• Information Commons model has technology support/experts available to help students.
• One institution had to develop boundaries related to assistance with related technology. Did receive faculty support in doing so.
• Developed a wiki that gave information about statistical software.
• Having specialists or trained librarians very helpful but burden shouldn’t fall to them whenever technology looms.
• Imperative to build collaborative relationships with other campus units.


Handout - Education Research – Statistics

Program for International Student Assessment (PISA)
Organization for Economic Cooperation and Development (OECD) Project

Trends in International Mathematics and Science Study (TIMSS)

Learning Objects
Question: Do you use learning objects? If so, how?


• When collaborating with faculty.
• Use Camtasia, developed basic tutorial in two hours, easy to learn.
• Helps when faculty incorporate library instruction into assessment scheme.
• Having all students use online tutorials before coming for library instruction enables the library instructor to teach higher level skills.
• Helps to involve people with instructional design (ie. just because we can doesn’t mean we should) to ensure that tutorial is effective.
• Faculty can allow librarians to log-in to courseware and participate at the course instructor level.
• Many schools have some sort of Teaching Center for faculty, use their expertise.
• Take care to ensure that online tutorials address different learning styles.
• Online tutorials need to be ADA compliant.
• Frequent changes to electronic products by vendors make it difficult to develop projects that will exist long-term.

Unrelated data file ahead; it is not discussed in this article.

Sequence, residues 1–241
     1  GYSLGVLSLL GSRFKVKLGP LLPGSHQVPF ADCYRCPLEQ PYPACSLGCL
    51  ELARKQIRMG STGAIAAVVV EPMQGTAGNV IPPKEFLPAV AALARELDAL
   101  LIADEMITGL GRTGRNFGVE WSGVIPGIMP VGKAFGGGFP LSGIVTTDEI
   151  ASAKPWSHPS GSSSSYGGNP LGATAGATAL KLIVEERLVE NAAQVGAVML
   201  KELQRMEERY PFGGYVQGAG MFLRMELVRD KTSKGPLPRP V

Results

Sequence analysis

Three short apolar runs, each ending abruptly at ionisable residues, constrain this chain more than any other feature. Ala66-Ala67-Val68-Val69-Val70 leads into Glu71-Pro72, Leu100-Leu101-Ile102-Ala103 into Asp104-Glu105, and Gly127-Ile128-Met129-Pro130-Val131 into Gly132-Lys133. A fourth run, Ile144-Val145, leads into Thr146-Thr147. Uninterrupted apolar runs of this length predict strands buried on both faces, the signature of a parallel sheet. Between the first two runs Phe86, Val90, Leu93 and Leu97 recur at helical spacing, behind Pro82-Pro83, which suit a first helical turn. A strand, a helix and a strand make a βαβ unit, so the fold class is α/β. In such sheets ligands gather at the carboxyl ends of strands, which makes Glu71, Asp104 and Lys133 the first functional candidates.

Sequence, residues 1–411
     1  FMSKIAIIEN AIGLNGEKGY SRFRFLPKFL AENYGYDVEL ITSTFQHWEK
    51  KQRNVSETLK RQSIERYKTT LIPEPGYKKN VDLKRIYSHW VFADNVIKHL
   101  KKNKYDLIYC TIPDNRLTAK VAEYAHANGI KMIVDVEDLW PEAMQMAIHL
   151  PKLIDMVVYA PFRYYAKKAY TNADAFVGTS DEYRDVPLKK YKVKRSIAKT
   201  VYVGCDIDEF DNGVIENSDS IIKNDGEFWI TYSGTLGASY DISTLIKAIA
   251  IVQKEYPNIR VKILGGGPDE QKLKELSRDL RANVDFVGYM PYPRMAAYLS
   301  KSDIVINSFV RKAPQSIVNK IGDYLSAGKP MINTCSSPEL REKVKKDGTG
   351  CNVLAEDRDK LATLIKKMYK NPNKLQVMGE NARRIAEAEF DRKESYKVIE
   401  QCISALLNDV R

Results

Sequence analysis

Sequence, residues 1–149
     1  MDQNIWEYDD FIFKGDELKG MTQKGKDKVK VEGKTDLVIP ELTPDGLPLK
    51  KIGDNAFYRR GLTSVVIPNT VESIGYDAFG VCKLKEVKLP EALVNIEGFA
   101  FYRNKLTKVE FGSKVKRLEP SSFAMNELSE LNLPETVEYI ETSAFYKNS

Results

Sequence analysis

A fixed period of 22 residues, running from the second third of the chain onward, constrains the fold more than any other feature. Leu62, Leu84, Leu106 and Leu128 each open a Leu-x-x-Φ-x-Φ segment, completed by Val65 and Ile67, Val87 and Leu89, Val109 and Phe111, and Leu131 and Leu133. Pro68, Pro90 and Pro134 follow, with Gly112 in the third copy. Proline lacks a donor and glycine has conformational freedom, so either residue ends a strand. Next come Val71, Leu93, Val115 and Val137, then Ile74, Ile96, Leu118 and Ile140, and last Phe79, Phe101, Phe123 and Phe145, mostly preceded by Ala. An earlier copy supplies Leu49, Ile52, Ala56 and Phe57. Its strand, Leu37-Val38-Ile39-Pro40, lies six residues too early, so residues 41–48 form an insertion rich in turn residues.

• Courseware allows for assessment tools to be built into the research process. (Pre-tests, post-tests)
• Can create a presence in the courseware by being available for chat sessions or as a guest instructor.
• There is sometimes resistance from Information Technology or Instructional Designers in allowing librarians to become participants.
• Some schools provide online training like Computer Based Training (CBT’s) courses for staff, students, and faculty. Raise awareness of these tools.


Peer-Reviewed Instructional Materials Online Database (PRIMO)
Includes quick sections on scholarly journals, search strategies, etc…

Free 30 day trial available

Literature Reviews
Question: How do you approach teaching graduate students about literature reviews?


• Need to define the librarian’s role in process by talking to faculty.
• Is it universally understood what is expected in an undergraduate, graduate, or doctoral level literature review? Who defines this?
• Must have faculty input into the level/depth of instruction in using citation searching, more advanced techniques for it to be effective.


Boote, D.N. & Beile, P. (2005). Scholars before researchers: On the centrality of the dissertation literature review in research preparation. Educational Researcher, 34(6), 3-15.